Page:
The challenge of designing an ‘ideal school’ brought out the collaborative skills of Second Year pupils as they worked in teams to address the many different considerations involved.
Pupils spent the off-timetable day rotating around five workshops prepared by the Chemistry, Art, ICT/Computing, Psychology and Maths departments to help them create the perfect environment in which to learn.
In each session they worked in House groups to reach solutions to the challenges presented, developing their skills in the School value of Trust, as well as the virtues of Collaboration, Commitment, Compassion and Resilience.
The Maths-led session challenged pupils to create scale drawings of the school site, working together in small groups to map out the school and develop a sense of spatial awareness. They considered aspects like accommodating pupils’ varying needs, and the layouts of both the main teaching block and an individual classroom.
In ICT/Computing, pupils used software to map out and budget for buildings around the school site, and in the Chemistry session pupils experimented with different types of fuel to promote sustainability within the school, before explaining the reasoning behind their final choice of fuel to the rest of the group.
Pupils gained an insight into our natural wake/sleep cycles as they devised a class timetable based on circadian rhythms for the Psychology workshop. They had to balance national curriculum demands with a pupil-friendly timetable which worked to maximise their learning opportunities.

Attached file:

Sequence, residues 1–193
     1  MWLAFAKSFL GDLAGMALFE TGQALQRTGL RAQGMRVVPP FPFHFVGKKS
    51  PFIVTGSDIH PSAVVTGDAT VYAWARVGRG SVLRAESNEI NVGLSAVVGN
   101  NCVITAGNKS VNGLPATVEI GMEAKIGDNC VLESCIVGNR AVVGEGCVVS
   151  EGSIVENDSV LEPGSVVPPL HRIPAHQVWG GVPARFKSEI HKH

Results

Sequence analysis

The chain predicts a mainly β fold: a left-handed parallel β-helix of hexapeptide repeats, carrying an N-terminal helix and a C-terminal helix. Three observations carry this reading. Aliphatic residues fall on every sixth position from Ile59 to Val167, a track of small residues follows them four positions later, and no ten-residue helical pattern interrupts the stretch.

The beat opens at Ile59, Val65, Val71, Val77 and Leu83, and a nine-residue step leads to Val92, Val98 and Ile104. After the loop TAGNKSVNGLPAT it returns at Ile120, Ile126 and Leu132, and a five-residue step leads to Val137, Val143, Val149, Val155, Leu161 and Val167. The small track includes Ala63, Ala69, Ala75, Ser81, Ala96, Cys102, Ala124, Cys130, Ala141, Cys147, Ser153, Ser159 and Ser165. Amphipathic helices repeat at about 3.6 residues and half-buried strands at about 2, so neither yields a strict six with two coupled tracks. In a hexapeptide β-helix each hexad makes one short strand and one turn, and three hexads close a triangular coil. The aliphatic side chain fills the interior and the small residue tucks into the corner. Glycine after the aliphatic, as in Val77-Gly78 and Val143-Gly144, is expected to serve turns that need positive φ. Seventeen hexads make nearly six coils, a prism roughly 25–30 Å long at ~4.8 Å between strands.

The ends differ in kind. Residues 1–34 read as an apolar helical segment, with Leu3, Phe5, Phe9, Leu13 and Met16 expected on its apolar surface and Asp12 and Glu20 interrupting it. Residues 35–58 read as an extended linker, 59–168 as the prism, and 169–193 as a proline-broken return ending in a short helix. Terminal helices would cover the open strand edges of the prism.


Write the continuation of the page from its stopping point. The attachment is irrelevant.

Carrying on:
In the Art session, pupils weighed up the desirable with the necessary as they created a collage of the ideal, futuristic teacher. They then presented their collage to the rest of the group, explaining the advantages of their prototype.
The best group collaborative effort from each House were announced in Lower School assembly as follows: Wilberforce: Esme Regan and Adam Wilcock; Hutton: Islay Cunliffe-Lister, Tan Horsley, Penny Gibson, and Dolman: Olivia Whitehead and Benjie Riley. Edie Morris (Gruggen) was recognised for her excellent individual contribution.
Adam Copley, Academic Extension Coordinator, said: “The foci of the day were to develop pupils’ skills in working with others and resilience to challenge. We were really pleased with how everyone embraced the opportunities presented, coming up with some brilliant plans and ideas for their ideal school.”
Almost all students said they “enjoyed at least one part of the day” and “saw the value of working together with others”. The majority said they “learned something new, whether it was a skill or information” and “wanted another one”.
Student comments included:
“I learnt that no matter what you do you have to work with someone.”
“I learnt how to plan my own investigation in science and how to use and test different information to come to a conclusion.”
“That working together can get a lot more done than doing something solo.”
“I learnt how important collaboration is.”
“That you should talk to different people because I made a good new mate.”
To view a Flickr album from the day, please click here.